Why We Can't Just Get Rid of Anxiety and Distress
Tina Miller, MA,CFLE stashed this in psychology
There are six reasons why negative emotions (like fear or distress) are such a struggle for us:
(1) Our brains are wired for survival, not happiness. That is why they keep bringing up negative emotions, past mistakes, and worries about the future. We can get stuck in repetitive cycles of self-criticism, worry, and fear that interfere with our ability to be fully experience and react adaptively to what is happening in the present.
(2) It doesn’t work to just shove negative emotions down or pretend they don’t exist. Because of the survival wiring of our brains, they will be given high priority and keep popping up again in conscious experience. In fact, some research by Daniel Wegner and colleagues suggests that suppressing thoughts while in a negative mood makes it more likely both the thoughts and the negative mood will reoccur.
(3) Our physiological systems can react to mental images and events as if they are happening in the real world. Try thinking about smelling and then biting into a lemon. You will likely feel a change in saliva in your mouth. Now think about putting your hand on a hot stove. Do you feel your heart pounding a bit faster? Thus, when fearful thoughts and worries come into our minds, they may affect our bodies as well. Our hearts may start to race or breathing get short – we experience physiological symptoms of stress, which, over the long-term, can harm our bodies.
(4) Negative thoughts feed on each other. We may begin by worrying about not having enough money. Then we may think, “What if I lose my job?” and then about all the people who won’t help us and the past mistakes we made getting into this financial situation in the first place. Before we know it, allowing ourselves to dwell on a small negative thought has led to a mental mountain of difficulties.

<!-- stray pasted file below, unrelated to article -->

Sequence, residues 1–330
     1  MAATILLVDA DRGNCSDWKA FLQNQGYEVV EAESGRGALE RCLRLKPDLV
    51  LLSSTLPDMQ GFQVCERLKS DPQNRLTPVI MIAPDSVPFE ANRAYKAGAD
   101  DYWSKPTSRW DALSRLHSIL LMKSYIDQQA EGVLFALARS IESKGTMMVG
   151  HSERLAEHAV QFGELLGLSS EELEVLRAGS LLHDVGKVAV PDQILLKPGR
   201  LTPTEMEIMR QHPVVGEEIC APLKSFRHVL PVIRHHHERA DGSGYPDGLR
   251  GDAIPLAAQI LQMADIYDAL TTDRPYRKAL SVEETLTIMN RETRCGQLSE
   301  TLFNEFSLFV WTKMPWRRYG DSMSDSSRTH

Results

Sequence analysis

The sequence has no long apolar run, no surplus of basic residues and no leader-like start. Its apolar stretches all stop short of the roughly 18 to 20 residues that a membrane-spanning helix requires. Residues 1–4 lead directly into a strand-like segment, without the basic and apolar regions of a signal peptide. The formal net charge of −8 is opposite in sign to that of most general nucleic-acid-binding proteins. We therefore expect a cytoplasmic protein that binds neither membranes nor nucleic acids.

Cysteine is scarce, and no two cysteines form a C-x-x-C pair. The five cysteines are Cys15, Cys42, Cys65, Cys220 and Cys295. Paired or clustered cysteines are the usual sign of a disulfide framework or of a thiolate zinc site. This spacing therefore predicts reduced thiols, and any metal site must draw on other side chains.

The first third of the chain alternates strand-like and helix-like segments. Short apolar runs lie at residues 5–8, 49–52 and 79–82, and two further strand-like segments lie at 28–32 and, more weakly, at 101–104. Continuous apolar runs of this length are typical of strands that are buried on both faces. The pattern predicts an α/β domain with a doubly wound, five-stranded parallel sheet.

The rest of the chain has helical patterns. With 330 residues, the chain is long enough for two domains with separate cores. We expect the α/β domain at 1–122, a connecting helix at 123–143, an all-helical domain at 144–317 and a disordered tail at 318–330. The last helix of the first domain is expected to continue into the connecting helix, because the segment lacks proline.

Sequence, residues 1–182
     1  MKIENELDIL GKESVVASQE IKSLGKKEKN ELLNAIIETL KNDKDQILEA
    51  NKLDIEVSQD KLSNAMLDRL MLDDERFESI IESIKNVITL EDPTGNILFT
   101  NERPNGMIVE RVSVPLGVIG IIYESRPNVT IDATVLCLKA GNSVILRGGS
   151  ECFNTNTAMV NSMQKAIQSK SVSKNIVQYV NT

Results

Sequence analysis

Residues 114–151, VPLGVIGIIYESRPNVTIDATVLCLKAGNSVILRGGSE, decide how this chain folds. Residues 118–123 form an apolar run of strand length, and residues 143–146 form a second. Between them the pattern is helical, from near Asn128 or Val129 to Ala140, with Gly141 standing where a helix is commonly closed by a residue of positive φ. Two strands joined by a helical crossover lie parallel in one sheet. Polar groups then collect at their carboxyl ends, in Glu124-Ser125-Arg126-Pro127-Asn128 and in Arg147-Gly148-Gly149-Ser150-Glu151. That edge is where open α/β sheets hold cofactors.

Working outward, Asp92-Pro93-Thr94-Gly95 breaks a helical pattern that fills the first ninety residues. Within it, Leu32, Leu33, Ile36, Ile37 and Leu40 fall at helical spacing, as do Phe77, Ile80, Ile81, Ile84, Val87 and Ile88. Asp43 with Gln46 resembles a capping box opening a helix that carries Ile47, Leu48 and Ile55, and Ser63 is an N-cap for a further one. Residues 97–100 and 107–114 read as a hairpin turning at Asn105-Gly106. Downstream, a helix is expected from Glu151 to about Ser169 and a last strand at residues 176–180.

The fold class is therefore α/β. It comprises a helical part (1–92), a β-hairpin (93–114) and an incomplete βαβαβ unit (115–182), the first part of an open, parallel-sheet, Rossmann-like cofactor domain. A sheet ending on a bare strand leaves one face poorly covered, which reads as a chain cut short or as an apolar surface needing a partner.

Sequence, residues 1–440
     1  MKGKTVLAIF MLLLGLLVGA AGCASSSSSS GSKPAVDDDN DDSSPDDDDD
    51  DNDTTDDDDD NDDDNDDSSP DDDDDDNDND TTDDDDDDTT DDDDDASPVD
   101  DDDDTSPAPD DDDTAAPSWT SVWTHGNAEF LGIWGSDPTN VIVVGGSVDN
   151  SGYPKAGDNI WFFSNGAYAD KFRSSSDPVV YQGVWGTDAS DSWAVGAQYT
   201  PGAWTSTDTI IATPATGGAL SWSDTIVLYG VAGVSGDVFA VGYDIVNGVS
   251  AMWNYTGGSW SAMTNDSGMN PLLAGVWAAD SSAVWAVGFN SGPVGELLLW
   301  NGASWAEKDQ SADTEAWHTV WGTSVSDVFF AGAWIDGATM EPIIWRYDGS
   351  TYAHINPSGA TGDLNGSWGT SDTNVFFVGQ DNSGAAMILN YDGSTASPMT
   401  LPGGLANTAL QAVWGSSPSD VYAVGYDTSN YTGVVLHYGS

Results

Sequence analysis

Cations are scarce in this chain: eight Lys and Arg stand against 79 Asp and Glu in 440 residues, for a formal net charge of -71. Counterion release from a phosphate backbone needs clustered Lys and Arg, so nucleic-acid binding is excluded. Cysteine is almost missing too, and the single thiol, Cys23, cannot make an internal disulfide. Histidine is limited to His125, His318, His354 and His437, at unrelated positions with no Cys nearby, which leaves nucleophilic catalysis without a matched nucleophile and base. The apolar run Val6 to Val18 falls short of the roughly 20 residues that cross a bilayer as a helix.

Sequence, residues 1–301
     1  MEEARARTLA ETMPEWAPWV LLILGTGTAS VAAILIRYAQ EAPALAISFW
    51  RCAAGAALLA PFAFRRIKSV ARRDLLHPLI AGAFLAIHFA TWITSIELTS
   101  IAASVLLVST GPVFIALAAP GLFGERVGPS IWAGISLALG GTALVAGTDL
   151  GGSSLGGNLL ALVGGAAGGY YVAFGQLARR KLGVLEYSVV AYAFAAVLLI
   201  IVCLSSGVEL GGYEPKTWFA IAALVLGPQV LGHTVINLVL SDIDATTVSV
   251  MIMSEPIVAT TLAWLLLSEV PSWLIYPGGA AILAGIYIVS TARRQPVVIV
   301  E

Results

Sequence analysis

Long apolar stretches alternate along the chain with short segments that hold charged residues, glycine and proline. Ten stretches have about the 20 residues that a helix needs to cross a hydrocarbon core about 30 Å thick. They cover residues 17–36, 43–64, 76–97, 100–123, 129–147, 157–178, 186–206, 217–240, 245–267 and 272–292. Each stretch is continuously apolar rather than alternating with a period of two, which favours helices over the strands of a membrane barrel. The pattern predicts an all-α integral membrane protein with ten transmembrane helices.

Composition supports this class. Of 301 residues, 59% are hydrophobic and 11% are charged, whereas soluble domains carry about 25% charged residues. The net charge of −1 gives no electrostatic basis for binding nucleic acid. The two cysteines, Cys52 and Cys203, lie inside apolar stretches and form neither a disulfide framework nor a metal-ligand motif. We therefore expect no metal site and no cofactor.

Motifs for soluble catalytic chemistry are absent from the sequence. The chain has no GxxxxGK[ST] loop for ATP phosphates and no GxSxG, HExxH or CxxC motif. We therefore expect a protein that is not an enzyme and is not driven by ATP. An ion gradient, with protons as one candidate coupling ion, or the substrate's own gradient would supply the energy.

(5) Negative emotions, such as fear and shame, may help us to survive as young children, when we can’t leave our families and have few options to change a negative situation. When we become adults, we continue to follow the same scripts and never learn that the rules have changed and we have many more options now. For example, if you were heavily punished as a child for talking back to your parent, you may have a lifelong fear of speaking up and asserting yourself, or you may not realize you have a right to leave relationships in which you are treated disrespectfully.
(6) The things we do to avoid or try to cope with feeling negative emotions may be more counterproductive than the emotions themselves. People frequently turn to alcohol, marijuana, or prescription drugs, such as Xanax, to escape anxiety. These substances have negative effects on mood andmotivation and addictive properties. Turning to food excessively can lead to overweight or obesity and low self-esteem associated with weight gain. Getting angry and blaming others for our negative emotions can ruin our relationships. Shopping or avoiding opening the bills can lead to mountains of debt.
As humans, with brains hard-wired to experience fear and distress, we face a dilemma. We can’t force negative emotions to leave our brains, yet covering them up can lead to worse problems. And paying too much attention to them can create a downward spiral. What do we do with these essential, yet uncomfortable and troublesome parts of our minds?